Simon rang ahead to the Blau Weiss Hotel and Hostel Complex and secured us a room for the night. We showered, unceremoniously dumped our gear, then made our way to the go-to place in town – Muza.
The food and the beer are exceptionally fine and I highly recommend a visit if you ever happen to be in the area.
During the course of the evening I discovered that Simon, who has a chronic fear of heights, spent twenty years flying supersonic F4 Phantom jet planes in the Air Force. It’s an unusual combination that one. He left the Air Force twenty years ago and has never flown since. Instead he works tirelessly for his local community (and rides bicycles of course).

Day Two. Arad to the Zohar Fort, Neve Zohar.

Riding out of Arad ©Yoram Hen

If yesterday was a day of cruising sweet, flowing, singletrack, then this day could be considered to be somewhere right at the opposite end of the spectrum. Gnarly, gritty, rocky BMF descending almost all the way to the Dead Sea – 380m below sea level – Oh Yeah.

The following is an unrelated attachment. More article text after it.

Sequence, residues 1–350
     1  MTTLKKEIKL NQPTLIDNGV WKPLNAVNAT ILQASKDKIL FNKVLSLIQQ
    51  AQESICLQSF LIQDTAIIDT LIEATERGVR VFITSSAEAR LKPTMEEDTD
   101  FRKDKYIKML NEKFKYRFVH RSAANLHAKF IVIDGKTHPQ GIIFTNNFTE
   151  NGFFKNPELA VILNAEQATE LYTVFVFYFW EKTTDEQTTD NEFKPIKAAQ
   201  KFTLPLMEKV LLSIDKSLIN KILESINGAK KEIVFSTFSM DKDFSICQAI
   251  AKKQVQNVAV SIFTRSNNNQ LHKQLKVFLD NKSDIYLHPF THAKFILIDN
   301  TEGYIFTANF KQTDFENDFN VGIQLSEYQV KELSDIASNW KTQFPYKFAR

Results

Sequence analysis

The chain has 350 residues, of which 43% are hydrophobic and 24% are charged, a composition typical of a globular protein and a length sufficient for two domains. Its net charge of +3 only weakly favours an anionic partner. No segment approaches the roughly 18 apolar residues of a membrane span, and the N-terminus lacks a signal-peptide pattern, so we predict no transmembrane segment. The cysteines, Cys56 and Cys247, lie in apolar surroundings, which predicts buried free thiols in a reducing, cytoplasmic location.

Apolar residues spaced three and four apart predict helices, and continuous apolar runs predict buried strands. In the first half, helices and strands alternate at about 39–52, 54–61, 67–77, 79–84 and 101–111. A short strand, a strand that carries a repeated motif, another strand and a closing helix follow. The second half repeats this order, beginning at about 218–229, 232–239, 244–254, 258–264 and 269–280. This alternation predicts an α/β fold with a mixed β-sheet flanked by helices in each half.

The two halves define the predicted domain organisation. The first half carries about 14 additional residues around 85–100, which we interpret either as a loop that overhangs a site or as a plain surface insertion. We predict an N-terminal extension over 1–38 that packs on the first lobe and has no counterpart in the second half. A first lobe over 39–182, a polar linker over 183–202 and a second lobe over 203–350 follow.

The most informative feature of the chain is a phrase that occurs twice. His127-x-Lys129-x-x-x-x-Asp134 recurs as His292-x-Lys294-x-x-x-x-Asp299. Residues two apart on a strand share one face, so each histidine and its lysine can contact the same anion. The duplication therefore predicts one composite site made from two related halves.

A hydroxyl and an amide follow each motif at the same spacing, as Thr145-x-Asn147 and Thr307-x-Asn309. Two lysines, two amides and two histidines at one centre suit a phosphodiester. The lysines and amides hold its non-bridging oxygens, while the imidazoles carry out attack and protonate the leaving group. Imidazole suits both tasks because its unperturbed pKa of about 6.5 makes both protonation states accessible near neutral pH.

We were joined by yet another companion today, a former Israeli Elite Female XC mountain biker, the delightful Nili Bartov. No pressure then.
The day started simply enough with another short cruise out of town and onto a boulder strewn vantage point for a view of the trail ahead. We were halted from our impending plunge, temporarily, by a train of camels approaching from the opposite direction. My first (quite exciting) experience of camels in the wild; albeit of the domesticated variety, as it were.

Traffic jam. ©Yoram Hen

I was feeling much fresher for today’s ride although that may have been bolstered by the generally cascading nature of the trail.
It was split pretty much evenly in to three parts over about 35km.
The first part was thrilling; fast and flowing, on hardpack, with a lot of loose rock.

Out in the midday sun. ©Yoram Hen
©Yoram Hen
©Yoram Hen
©Yoram Hen
©Yoram Hen
©Yoram Hen
©Yoram Hen
©Yoram Hen
Neil. ©Yoram Hen
©Yoram Hen
©Yoram Hen